Thursday, August 26, 2010

Mystery Mint Chip Ice Cream

I do weird things with food when I'm bored... although, some would argue I do weird things with food all the time.  Just earlier today I (regrettably) found myself slathering almond butter on a spoonful of peanut butter chocolate ice cream.  It was 107 degrees outside, and the only edible thing in my freezer was a meager spoonful of ice cream, so I'm not sure why I felt the need to smother that final, cold, precious bite with sticky warm goo.  It must be my insatiable quest for adventure and experimentation!

The lack of ice cream in my freezer on a day when I so desperately needed ice cream inspired me to action- as did the article I had just read in this month's Bon Appetit about infusing cocktails with herbs.  Our garden is full of herbs!  I could infuse my ice cream with herbs!  Unfortunately, due to a laissez-faire gardening regime, our herb patch has grown into a monstrous thicket.  The labels marking the once-neat rows of herbs have long-since been engulfed by vines, fronds, and giant spider webs.  I managed to recognize the basil, rosemary, and curry plants by sight (and smell!), but I doubted anyone in my household would embrace savory ice cream, and never curried ice cream (except my bf who puts curry in everything! I don't want to encourage that haha).

However, I vaguely remembered my mom mentioning that she had planted some different types of mint in lieu of the usual peppermint.  Something about chocolate mint or pineapple mint...? Bingo!  What better treat on a hot day than a cool scoop of mint chip?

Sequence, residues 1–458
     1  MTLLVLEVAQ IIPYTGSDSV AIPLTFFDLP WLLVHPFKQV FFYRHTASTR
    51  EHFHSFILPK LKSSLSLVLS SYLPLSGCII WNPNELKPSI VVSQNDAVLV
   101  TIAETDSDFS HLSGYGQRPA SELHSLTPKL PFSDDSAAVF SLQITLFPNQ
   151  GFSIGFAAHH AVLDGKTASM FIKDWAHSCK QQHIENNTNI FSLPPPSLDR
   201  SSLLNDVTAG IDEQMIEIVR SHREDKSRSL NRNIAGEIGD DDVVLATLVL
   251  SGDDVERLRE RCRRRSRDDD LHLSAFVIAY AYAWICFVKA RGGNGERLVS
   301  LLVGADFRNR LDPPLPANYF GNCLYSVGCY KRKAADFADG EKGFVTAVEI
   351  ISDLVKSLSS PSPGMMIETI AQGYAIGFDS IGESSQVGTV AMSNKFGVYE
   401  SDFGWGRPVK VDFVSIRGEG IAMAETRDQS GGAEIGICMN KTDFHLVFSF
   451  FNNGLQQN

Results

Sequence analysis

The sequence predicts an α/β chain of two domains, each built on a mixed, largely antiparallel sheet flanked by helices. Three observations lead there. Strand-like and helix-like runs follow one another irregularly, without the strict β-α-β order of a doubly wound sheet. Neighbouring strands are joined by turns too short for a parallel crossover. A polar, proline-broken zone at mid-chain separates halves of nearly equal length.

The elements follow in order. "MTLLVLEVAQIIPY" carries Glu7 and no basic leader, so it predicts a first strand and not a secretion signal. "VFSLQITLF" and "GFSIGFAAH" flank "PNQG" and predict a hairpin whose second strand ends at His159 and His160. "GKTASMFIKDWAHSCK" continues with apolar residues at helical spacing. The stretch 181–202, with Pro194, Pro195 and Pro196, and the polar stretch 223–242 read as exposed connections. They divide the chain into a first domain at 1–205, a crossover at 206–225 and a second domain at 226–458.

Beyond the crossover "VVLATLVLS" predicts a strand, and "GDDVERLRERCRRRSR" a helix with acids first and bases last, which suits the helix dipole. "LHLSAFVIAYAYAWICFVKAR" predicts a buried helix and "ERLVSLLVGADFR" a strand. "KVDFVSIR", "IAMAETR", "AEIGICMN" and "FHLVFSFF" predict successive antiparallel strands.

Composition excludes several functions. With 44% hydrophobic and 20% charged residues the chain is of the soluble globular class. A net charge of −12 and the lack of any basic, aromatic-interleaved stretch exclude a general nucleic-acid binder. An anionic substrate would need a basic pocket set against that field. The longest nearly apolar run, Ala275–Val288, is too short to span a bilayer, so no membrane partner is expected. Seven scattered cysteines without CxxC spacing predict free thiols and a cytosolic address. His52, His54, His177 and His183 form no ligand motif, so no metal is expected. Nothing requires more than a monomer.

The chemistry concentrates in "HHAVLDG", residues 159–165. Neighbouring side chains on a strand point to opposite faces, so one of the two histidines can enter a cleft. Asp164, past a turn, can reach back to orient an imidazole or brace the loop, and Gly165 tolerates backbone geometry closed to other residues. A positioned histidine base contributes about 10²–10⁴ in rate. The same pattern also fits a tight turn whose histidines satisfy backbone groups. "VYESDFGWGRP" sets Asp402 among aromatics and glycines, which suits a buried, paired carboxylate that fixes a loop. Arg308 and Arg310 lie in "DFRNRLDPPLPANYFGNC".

I traipsed through the herb jungle, dodging gigantic arachnids, ducking spiky stalks, and squinting through the leaves in search of labels, to no avail.  None of the plants remotely resembled any mint I'd ever seen.  I crushed a few stems between my fingers to see if I could detect a whiff of sharp, minty perfume, but the surrounding foliage failed to produce that familiar fresh scent.  One towering plant, however, did smell rather nice.  It wasn't too earthy, like rosemary, or too peppery, like basil, and it didn't overpower my nose like the curry.  I plucked a fuzzy leaf and inhaled... it had a mild, sweet scent... And did I detect a hint of mint?  Sure, why not? 
                  Mint? Poison Oak? Let's eat it and find out!

I figured if the plant was in the herb patch, it probably wasn't toxic, whatever it was (I've since learned that at least one species of mint, the pennyroyal, IS toxic if ingested, but what dingbat would plant a toxic variety of mint in an edible garden?  Hm.... maybe the same type of dingbat who infuses ice cream with random leaves she discovers sprouting up between her tomato bushes...).  And so, mystery mint chip was born!  The curious herb had such a delicate aroma that I nixed bittersweet chips in favor of the milder flavor of white chocolate.  I wanted this bashful plant to have a leading role in my concoction! (although I wasn't above a drizzle of homemade dark chocolate sauce on my own finished scoop).